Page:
• A positively dimensional component in the reduced Ptolemy variety might mean two things (which we can distinguish by looking at the images of the peripheral groups):
    • a positively dimensional family of boundary-unipotent representations or

    • a family of decorations of the same representation.

The reason for this is that the reduced Ptolmey variety does not parametrize representations but generically decorated representations (which can also be thought of as development maps). We just list the facts about decorations important to us here and refer the reader for details to Section 4 of [GTZ2011] and Section 8 of [GGZ2012] (where decoration would be called B-decoration or (SL(N), C), B)-decoration with B the Borel group of upper triangular matrices):

  • Every boundary-unipotent representation of a cusped manifold admits a decoration. The set of decorations of a representation is intrinsic to the representation and independent of the triangulation.

  • The representation determines the decoration uniquely if and only if the representation is boundary-non-degenerate (which most representations are).

  • Given a decorated representation and an ideal triangulation of a cusped manifold, we obtain Ptolemy coordinates.

  • If all the resulting Ptolemy coordinates are non-zero, we call the representation generically decorated - a notion that depends on the chosen triangulation.

  • The reduced Ptolemy variety parametrizes generically decorated and boundary-unipotent representations.

Reduced Ptolemy variety

We will actually always use the reduced Ptolemy variety, i.e., the system of equation that consists of the Ptolemy relations (always of the form \(\pm\) c c \(\pm\) c c \(\pm\) c c) and extra equations fixing an appropriate set of (N-1) Ptolemy coordinates per cusp as described in Proposition 4.7 of [GGZ2014]. This is because the Ptolemy relations alone admit an action by (C*)(N-1) for each cusp that does not change the representation it yields.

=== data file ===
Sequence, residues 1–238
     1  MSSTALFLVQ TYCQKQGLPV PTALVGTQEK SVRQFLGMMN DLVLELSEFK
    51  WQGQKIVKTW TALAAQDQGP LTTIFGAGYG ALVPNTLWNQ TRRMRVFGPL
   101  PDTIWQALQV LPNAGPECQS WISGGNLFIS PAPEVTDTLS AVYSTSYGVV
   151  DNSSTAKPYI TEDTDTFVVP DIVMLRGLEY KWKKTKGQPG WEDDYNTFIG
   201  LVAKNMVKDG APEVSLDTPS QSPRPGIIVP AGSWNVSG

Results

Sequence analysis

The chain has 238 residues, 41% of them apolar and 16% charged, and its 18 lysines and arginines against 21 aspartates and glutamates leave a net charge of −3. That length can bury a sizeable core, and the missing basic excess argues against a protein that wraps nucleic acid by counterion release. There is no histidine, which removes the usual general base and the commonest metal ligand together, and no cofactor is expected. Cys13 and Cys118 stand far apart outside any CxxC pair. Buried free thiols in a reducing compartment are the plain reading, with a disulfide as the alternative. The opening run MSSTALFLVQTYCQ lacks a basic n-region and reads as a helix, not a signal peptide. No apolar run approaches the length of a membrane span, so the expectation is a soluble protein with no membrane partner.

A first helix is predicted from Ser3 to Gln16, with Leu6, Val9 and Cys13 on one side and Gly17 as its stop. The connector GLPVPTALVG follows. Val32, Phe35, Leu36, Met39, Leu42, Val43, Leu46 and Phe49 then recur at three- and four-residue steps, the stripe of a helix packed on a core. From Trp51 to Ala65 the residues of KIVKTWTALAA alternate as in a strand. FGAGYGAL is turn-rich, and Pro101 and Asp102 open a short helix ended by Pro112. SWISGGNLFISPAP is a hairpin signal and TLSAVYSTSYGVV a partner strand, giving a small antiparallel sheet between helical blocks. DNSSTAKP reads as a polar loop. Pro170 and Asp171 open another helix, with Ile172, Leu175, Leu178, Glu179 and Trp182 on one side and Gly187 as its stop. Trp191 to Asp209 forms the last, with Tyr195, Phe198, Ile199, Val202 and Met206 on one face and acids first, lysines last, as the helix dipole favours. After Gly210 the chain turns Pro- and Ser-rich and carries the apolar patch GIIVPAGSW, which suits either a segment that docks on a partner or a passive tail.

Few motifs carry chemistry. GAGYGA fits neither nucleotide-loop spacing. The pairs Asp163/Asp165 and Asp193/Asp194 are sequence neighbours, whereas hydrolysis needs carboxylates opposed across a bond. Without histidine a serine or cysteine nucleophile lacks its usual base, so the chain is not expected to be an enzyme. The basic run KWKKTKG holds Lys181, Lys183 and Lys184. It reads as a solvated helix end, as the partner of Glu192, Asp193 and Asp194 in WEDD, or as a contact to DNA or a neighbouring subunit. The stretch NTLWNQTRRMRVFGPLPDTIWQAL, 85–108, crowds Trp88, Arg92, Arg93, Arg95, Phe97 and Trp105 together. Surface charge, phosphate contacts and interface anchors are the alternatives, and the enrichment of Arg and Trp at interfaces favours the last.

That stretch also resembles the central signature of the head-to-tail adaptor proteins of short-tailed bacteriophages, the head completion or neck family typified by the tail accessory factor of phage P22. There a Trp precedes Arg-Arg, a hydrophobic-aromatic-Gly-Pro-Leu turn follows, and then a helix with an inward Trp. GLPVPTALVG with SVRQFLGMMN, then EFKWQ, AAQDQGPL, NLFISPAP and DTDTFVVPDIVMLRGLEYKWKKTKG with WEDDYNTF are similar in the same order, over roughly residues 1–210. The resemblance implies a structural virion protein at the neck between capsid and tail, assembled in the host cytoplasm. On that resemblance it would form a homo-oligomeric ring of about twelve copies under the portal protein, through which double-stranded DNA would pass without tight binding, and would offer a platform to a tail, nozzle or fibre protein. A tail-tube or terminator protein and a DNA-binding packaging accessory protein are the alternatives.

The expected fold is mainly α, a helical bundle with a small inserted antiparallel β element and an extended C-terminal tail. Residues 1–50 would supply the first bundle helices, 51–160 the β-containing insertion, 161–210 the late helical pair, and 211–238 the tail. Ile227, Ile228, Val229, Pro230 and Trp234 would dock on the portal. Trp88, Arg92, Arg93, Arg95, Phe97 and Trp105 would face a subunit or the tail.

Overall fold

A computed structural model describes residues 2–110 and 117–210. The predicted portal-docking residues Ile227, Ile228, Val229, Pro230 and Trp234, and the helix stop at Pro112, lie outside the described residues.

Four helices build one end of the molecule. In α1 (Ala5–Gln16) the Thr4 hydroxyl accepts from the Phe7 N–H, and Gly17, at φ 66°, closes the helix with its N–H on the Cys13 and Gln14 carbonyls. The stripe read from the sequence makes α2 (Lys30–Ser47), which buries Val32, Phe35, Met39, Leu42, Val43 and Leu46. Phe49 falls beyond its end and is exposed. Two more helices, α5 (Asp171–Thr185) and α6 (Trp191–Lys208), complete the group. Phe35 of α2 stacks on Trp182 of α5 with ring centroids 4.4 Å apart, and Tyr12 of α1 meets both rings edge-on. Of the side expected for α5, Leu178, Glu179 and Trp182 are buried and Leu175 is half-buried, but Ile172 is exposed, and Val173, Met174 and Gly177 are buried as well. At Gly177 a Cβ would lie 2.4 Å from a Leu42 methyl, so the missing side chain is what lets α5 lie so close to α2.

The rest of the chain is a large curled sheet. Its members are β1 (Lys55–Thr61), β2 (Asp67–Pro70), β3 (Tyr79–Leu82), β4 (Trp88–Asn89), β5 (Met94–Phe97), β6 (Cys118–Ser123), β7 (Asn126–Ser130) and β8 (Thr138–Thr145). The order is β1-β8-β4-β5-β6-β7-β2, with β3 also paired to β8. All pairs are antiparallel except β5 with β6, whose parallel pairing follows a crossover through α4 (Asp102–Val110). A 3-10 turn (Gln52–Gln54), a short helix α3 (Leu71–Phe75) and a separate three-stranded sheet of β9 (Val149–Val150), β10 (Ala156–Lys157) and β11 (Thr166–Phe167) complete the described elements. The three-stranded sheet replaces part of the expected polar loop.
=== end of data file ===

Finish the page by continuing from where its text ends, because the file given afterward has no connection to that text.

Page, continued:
In other words, the Ptolemy variety parametrizes P-decorations and the reduced Ptolemy variety parametrizes B-decorations.

Future work

In unpublished work, we developed an algorithm that takes some triangulation of a manifold and constructs a set of triangulations and corresponding Ptolemy varieties (with extra edge relations) such that we can guarantee that all boundary-unipotent PSL(2,C)-representations are found - not just the ones that are generically decorated with respect to the chosen triangulation. This is inspired by [S2009]. The ptolemy module might support this in the future.

In [Z2014], the Ptolemy variety was extended to detect non boundary-unipotent representations as well. The ptolemy module might produce these varieties in the future. This might offer another way of computing A-polynomials - that when combined with the above algorithm is guaranteed to be the full A-polynomial and not just a factor of it.



Henry Segerman: A generalisation of the deformation variety,

[GTZ2011] (1,2,3)

Stavros Garoufalidis, Dylan P. Thurston, and Christian K. Zickert: The Complex Volume of SL(n,C)-Representations of 3-Manifolds,

[GGZ2012] (1,2)

Stavros Garoufalidis, Matthias Goerner, and Christian K. Zickert: Gluing Equations for PGL(n,C)-Representations of 3-Manifolds,

[GGZ2014] (1,2,3)

Stavros Garoufalidis, Matthias Goerner, and Christian K. Zickert: The Ptolemy Field of 3-Manifold Representations,


Christian K. Zickert: Ptolemy coordinates, Dehn invariant, and the A-polynomial,